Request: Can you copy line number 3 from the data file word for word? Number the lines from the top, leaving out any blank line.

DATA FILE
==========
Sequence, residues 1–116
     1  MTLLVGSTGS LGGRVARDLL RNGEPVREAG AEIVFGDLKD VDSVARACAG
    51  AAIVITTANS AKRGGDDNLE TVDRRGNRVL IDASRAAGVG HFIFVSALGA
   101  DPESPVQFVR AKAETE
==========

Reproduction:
    51  AAIVITTANS AKRGGDDNLE TVDRRGNRVL IDASRAAGVG HFIFVSALGA